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People v. Hood

November 03, 2003

THE PEOPLE OF THE STATE OF ILLINOIS, PLAINTIFF-APPELLEE,
v.
FREDERICK E. HOOD, DEFENDANT-APPELLANT.



Appeal from Circuit Court of Macoupin County No. 00CF236 Honorable Joseph P. Koval, Judge Presiding.

The opinion of the court was delivered by: Justice Turner

PUBLISHED

In December 2000, the State charged defendant, Frederick E. Hood, with reckless homicide, aggravated driving under the influence of alcohol, illegal transportation of alcohol, and failure to yield to a pedestrian in the crosswalk, all in connection with a motor vehicle accident that resulted in a pedestrian's death. In May 2002, a jury found defendant guilty on all four counts. In June 2002, defendant filed a posttrial motion, which the trial court denied. In January 2003, the trial court sentenced defendant to three years in prison on the reckless homicide count.

On appeal, defendant argues (1) the trial court erred in allowing certain expert and rebuttal testimony, (2) he was denied a fair trial because of the prosecutor's alleged improper statements during closing arguments, and (3) the State failed to present evidence to sustain defendant's convictions for failure to yield to a pedestrian in a crosswalk and illegal transportation of alcohol. We affirm in part, reverse in part, and remand for a new trial.

I. BACKGROUND

On December 1, 2000, the State charged defendant by information with the offense of aggravated driving under the influence of alcohol (625 ILCS 5/11-501(d)(1)(C) (West 2000)), alleging that on November 28, 2000, he drove a 1986 Dodge Ram while under the influence of alcohol and was involved in a motor vehicle accident resulting in great bodily harm, permanent disability, or disfigurement to another and the proximate cause of those injuries.

On December 27, 2000, the State charged defendant by information with the offense of reckless homicide (720 ILCS 5/9-3(a) (West 2000)), alleging he, while under the influence of alcohol to a degree that rendered him incapable of safely driving and while acting in a reckless manner, performed acts likely to cause death or great bodily harm to an individual, in that he operated his vehicle, and after disobeying a stop sign, he struck a pedestrian in the crosswalk, causing the death of Marie L. Schwab. The State also charged defendant with the traffic offenses of illegal transportation of alcohol (625 ILCS 5/ 11-502(a) (West 2002)) and failure to yield to a pedestrian in the crosswalk (625 ILCS 5/11-1002(a) (West 2002)). Defendant pleaded not guilty and requested a jury trial.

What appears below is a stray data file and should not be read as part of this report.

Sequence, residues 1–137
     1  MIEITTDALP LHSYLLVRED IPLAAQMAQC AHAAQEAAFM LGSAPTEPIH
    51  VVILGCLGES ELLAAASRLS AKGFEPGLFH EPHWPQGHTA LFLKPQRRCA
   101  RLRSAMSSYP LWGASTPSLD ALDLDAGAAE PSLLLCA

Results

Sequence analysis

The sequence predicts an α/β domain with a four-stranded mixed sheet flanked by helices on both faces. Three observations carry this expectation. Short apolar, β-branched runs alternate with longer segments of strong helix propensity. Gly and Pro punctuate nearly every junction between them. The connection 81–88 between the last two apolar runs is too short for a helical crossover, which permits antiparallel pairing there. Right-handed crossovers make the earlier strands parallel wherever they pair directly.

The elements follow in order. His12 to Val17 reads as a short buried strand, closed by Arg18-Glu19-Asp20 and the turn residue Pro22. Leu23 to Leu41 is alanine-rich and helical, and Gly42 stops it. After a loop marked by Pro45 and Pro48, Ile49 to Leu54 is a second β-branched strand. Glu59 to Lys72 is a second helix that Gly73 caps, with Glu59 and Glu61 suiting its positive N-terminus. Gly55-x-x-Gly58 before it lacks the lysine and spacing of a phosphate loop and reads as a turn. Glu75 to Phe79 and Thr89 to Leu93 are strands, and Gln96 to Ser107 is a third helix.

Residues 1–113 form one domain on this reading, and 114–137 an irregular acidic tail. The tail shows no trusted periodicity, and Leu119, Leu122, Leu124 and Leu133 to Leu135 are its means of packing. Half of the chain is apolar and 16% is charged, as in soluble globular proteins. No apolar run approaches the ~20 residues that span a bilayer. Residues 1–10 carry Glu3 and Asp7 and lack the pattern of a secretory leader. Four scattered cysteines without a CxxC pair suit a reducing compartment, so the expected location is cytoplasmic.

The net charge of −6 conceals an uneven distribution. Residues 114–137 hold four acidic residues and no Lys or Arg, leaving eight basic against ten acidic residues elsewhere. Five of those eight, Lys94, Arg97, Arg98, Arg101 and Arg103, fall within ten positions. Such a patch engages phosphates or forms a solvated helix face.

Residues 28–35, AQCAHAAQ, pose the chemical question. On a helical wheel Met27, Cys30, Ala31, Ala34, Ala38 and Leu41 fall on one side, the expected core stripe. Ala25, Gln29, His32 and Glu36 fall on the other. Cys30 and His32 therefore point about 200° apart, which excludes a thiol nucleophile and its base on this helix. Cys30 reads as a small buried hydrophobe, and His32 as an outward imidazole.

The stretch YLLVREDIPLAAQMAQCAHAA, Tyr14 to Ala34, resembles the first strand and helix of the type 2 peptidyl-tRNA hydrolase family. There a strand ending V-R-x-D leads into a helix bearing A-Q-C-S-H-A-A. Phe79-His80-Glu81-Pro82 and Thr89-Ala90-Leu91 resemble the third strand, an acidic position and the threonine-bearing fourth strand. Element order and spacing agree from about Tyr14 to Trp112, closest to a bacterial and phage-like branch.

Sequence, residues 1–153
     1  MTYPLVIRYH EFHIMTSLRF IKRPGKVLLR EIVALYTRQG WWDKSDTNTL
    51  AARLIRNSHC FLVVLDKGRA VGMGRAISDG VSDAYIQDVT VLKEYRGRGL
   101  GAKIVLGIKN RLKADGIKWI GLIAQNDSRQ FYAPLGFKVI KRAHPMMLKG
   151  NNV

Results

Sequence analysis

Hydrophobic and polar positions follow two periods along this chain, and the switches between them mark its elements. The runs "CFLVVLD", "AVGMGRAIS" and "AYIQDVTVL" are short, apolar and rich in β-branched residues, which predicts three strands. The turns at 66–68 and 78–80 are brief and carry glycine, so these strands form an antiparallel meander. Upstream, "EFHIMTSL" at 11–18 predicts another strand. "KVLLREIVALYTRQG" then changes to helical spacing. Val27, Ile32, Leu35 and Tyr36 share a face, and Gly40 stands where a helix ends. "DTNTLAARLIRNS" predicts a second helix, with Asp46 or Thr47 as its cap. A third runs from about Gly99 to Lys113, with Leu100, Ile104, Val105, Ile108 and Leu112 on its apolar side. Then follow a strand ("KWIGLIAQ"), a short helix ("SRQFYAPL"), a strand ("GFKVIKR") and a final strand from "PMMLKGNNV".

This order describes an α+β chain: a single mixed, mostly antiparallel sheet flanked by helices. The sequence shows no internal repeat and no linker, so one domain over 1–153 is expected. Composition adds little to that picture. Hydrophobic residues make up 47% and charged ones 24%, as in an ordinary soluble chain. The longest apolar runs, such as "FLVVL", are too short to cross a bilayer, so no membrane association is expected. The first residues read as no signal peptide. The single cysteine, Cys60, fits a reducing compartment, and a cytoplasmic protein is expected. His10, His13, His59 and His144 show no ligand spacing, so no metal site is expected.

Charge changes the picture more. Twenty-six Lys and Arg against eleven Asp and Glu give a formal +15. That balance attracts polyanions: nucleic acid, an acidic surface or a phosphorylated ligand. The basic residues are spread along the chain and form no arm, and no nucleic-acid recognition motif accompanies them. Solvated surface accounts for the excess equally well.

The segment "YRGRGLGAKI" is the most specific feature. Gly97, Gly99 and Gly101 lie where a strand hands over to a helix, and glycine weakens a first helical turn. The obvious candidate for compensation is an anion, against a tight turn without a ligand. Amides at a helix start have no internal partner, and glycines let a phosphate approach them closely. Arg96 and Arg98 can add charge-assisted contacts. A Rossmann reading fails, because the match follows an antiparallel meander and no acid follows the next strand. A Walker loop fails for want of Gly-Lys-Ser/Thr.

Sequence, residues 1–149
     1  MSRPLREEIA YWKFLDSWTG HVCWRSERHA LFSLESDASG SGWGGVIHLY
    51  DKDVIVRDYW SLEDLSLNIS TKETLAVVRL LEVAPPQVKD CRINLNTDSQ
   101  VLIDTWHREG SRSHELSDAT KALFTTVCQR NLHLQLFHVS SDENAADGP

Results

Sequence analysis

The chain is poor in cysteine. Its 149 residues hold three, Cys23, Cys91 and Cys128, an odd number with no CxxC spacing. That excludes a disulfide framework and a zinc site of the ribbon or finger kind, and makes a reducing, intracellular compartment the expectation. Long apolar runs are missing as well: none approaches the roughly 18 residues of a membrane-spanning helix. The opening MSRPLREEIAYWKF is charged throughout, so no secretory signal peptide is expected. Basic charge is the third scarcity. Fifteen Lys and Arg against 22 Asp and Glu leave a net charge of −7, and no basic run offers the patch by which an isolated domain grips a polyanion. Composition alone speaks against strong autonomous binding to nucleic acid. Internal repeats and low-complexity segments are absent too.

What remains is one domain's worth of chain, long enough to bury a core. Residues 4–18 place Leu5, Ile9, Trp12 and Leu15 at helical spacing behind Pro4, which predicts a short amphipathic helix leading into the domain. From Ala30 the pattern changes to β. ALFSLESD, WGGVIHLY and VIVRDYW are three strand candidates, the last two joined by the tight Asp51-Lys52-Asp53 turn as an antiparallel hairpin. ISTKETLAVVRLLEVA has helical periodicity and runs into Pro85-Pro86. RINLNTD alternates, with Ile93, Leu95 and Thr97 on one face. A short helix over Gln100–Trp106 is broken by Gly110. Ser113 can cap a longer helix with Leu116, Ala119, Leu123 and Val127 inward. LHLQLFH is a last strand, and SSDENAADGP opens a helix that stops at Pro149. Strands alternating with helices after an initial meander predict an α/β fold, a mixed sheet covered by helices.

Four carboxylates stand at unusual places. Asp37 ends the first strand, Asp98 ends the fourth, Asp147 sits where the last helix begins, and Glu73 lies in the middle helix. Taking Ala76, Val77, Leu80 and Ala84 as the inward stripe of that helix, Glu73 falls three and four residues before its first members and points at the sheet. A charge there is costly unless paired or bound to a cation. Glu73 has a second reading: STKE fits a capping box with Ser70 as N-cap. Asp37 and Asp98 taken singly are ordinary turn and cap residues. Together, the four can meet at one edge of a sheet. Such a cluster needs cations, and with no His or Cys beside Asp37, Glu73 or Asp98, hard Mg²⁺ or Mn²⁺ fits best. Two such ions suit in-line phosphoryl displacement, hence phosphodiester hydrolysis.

In May 2002, defendant's jury trial commenced. David Smith testified he was driving with his girlfriend to pick up his son from school on November 28, 2000. He testified the inter-section of Main and Poplar in Mount Olive is a four-way stop. As he was stopped at the stop sign, he noticed a brown full-size van approaching the intersection "at a pretty good rate of speed." After the van's driver "made the corner," Smith saw a woman "about halfway through the crosswalk." She held her left hand up as to motion to the van's driver to stop, but the van struck the woman as she was "in the crosswalk." Smith observed the woman "go through the air and land on the pavement," and he proceeded to a nearby police station to summon help. On his way, he noticed the van's driver, identified as defendant, step out of the van "and kind of stumble and lean against the door."

Tricia Marietta, Smith's girlfriend at the time of the incident, testified the weather was overcast on November 28, 2000. She stated Smith had stopped at the intersection when she saw a vehicle that was not "slowing down" and hit the woman who was walking.

Ryan Gorman, a deputy with the Macoupin County sheriff's department, testified he responded to the scene of the accident on November 28, 2000. Gorman observed defendant leaning up against the side of his van holding a child. Upon conversing with defendant, Gorman noticed his eyes were "bloodshot and glossy," and his breath had a "strong odor of alcoholic beverage." Further, Gorman found defendant's "speech was mumbled together." Gorman stated defendant told him he was coming from a tavern in Mount Olive when he hit the victim. After defendant was arrested, Gorman conducted an inventory search of his van and found "a cooler that contained beer cans in it, some full, some empty." Gorman stated the beer was cold, and the cooler contained several open and full cans of beer. Upon leaving an officer's squad car to enter the hospital for a blood and urine draw, defendant "was staggering and uneasy as he walked." Based on his experience, Gorman believed defendant was intoxicated. From the time of the accident to defendant's urine test, Gorman stated he appeared "to be sobering up some."